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Union head: Teachers ‘tired of billionaires telling us what ... to do’

Chicago Teachers UniPresident Karen Lewis speaks teachers rally UniPark Chicago Ill. Saturday September 15 2012. | Andrew A. Nelles~Sun-Times Media

Chicago Teachers Union President Karen Lewis speaks at a teachers rally at Union Park in Chicago, Ill., on Saturday, September 15, 2012. | Andrew A. Nelles~Sun-Times Media

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Updated: September 16, 2012 6:10PM



“We are still on strike,” teachers and their union president cried Saturday at a massive Chicago Teachers Union rally in Union Park, as negotiators hammered out the language of a possible contract a few miles away in the Loop.

Both sides say they’re inching closer to a deal that could return 350,000 Chicago Public School children to class Monday. Meanwhile, Lewis said, teachers don’t yet have a deal despite messages from principals asking them to show up prepared Monday.

“We have a framework for an agreement, we don’t have an agreement. Until you hear it from CTU,” she said, stepping back from the microphone.

“It isn’t true,” the crowd shouted back at her.

Lewis whipped up the packed park as she laid out her union’s issues:

“I want to know why when we ask for textbooks and materials on the first day on the first day when children walk into a building that somehow we are being unreasonable. I want someone to tell me why that is.”

She digged at Mayor Rahm Emanuel and his handpicked school board that includes hotel heiress Penny Pritzker.

“I am tired of billionaires telling us what we need to do for our children as if they love our children more than we do,” Lewis continued, as the crowds the union estimated at 25,000 waved signs and cheered. “I want them to turn off the air conditioning at 125 S. Clark, and work like we work. I want them to turn off the air conditioning on the fifth floor of City Hall and let them work like we work.”

Lewis thanked her rank and file for standing together all week and trusting her with their support.

“Karen Lewis for mayor,” a man shouted.

She laughed, saying “Karen Lewis for retirement.”

“Thank you, but no thank you,” she continued as voices persisted.

Leslie Diaz-Perez, 35, who teaches high school history for special education students at Simeon Career Academy, was waiting to see specifics in the contract.

“We are hopeful but nonetheless this is a sign of unity,” Diaz-Perez said. “We want it all in writing and we will not be taken a fool.”

At the rally -- not a celebration, teachers insisted -- red-shirted Chicago educators were joined by union leaders from the Fraternal Order of Police, the Chicago Labor Federation and from a handful of aldermen who side against the mayor with the union.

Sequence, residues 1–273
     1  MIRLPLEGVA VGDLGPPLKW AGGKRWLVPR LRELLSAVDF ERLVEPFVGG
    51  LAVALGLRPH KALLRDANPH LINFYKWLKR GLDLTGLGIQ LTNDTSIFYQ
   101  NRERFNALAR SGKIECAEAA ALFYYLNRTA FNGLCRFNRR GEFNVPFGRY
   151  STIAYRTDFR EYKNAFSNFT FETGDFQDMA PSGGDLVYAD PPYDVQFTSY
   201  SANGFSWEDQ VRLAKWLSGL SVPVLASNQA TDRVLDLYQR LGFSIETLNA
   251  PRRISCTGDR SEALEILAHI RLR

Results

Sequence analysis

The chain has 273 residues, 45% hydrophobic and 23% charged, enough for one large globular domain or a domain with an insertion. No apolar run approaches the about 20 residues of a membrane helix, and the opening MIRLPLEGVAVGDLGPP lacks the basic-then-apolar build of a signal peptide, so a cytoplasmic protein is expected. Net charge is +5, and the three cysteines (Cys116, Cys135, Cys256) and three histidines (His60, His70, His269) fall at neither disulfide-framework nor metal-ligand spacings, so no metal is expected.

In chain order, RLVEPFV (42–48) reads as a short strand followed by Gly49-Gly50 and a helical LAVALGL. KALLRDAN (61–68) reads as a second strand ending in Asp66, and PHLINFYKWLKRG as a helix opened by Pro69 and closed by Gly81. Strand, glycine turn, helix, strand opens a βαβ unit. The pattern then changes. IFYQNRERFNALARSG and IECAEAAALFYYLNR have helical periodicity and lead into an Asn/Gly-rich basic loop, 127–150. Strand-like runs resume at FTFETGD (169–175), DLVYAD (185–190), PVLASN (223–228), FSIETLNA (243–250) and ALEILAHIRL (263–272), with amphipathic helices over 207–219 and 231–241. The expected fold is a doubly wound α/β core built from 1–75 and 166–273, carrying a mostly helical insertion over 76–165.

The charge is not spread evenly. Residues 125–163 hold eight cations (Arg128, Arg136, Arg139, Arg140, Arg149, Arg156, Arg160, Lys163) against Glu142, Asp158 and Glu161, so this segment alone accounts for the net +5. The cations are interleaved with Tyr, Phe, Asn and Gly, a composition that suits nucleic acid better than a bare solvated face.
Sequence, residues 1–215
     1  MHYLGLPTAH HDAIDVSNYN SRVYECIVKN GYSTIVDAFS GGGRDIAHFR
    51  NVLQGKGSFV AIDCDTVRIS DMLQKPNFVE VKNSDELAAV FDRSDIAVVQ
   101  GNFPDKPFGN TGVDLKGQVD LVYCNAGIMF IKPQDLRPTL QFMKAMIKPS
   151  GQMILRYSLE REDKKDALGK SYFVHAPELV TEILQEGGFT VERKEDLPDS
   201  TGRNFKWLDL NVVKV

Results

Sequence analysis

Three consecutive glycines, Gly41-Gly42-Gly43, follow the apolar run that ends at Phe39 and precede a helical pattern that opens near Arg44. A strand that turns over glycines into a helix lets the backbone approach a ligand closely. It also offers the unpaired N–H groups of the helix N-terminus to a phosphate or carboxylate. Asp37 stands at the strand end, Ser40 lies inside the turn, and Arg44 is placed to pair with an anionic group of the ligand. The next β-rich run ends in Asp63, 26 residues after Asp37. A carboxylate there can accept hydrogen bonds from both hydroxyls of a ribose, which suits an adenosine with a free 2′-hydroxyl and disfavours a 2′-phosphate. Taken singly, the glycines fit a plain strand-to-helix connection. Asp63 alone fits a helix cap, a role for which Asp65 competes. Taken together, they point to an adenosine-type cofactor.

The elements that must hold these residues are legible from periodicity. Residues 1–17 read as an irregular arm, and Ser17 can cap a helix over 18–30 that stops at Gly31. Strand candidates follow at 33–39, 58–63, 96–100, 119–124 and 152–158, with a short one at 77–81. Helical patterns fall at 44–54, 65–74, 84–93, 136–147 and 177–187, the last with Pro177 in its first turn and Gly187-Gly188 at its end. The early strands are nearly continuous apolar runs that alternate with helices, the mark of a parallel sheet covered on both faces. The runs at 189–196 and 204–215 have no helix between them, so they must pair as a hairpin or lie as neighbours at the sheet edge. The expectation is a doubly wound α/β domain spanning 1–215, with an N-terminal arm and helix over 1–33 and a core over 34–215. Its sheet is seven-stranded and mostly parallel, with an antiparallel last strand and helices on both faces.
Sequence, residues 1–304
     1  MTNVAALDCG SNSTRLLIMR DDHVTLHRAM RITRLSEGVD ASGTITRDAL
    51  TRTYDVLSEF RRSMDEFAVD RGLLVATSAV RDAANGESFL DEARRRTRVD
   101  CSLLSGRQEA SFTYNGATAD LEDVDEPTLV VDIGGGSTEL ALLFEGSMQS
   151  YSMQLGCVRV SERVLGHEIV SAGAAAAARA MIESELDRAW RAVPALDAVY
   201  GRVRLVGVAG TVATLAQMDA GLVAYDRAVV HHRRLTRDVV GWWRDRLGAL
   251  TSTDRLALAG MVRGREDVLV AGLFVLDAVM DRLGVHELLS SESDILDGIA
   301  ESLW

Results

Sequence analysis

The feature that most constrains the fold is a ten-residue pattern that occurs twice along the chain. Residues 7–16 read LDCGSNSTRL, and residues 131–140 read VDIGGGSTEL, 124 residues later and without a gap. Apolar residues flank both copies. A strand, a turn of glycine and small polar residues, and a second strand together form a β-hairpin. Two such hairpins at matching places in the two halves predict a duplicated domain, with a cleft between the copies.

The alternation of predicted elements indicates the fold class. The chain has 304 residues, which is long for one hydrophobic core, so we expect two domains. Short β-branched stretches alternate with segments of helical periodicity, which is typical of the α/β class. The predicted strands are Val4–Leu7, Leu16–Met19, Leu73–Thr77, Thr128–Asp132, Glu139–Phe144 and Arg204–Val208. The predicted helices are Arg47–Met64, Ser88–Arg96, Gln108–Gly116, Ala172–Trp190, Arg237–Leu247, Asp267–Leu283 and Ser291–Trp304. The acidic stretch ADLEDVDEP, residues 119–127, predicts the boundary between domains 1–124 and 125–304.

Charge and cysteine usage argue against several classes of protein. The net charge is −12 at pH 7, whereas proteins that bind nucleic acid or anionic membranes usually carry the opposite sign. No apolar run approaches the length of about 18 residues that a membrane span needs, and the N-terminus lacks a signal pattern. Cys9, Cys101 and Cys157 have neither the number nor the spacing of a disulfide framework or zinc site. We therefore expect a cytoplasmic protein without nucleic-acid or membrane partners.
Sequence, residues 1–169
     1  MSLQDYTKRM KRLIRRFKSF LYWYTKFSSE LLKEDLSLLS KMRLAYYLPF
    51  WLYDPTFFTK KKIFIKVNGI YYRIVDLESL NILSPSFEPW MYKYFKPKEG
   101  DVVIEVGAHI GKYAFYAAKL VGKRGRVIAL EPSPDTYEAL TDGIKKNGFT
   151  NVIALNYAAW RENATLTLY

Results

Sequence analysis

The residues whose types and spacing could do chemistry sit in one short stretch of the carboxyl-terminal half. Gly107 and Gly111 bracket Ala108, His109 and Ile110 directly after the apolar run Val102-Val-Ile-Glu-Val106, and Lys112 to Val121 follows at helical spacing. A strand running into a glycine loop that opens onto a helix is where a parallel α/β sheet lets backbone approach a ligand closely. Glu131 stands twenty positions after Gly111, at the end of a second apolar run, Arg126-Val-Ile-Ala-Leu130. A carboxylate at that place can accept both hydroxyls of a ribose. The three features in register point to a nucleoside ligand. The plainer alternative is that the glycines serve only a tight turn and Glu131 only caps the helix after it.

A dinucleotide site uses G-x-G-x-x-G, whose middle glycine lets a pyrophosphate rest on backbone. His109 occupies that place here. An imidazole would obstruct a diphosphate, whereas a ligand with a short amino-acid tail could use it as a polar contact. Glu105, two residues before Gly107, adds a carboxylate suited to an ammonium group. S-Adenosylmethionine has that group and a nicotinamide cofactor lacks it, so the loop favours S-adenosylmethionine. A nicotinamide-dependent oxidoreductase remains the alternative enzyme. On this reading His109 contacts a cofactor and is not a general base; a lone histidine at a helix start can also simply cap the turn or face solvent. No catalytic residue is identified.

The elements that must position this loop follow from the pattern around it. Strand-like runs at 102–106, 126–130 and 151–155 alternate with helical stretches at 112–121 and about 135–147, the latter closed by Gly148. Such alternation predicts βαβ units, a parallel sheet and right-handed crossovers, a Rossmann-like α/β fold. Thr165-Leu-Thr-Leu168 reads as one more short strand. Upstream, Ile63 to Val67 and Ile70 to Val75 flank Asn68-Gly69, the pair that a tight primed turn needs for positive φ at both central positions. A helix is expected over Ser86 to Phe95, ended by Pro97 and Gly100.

Local band and CPS grads “Kids These Days” played a few of their songs. Grammy-award winner Che “Rhymefest” Smith, husband of a CPS teacher and father of two CPS students, praised teachers for helping him through life when he wanted to drop out.

“This is not a get-rich job,” Smith said. “This is a love job.”

But some of the loudest hooting and cheering was aimed at union members from Wisconsin, who were treated like celebrities as they walked through the park thanks to massive protests they staged in 2011.

“Greetings from the state where teachers lived to fight Governor Walker to the city where teachers are standing up against Rahm Emanuel,” said Bob Peterson, president of the Milwaukee Teachers Education Association.

“At the time (of the Wisconsin protests) visiting teachers from Chicago came up to me and said, ‘You teachers in Wisconsin are our heroes.’ And today I come to say to you, ‘You teachers in Chicago are our heroes.’ You demanded that public education be a priority for the city, not privatized charters, not private voucher schools, not turnaround schools but public schools.”

Andrea Hamer, a Chicago native and now a Milwaukee middle school special education teacher, said she rode a bus to the Chicago rally to “give support and homage” to the CPS district that educated her.

“I was educated in a district that never worked, but the teachers cared,” she said.

She said Milwaukee teachers lost their battle with Gov. Scott Walker in 2011, when mass protests by public workers rocked the state of Wisconsin, but “we’re here to make sure they (CTU) don’t lose theirs.”

Contributing: Rosalind Rossi



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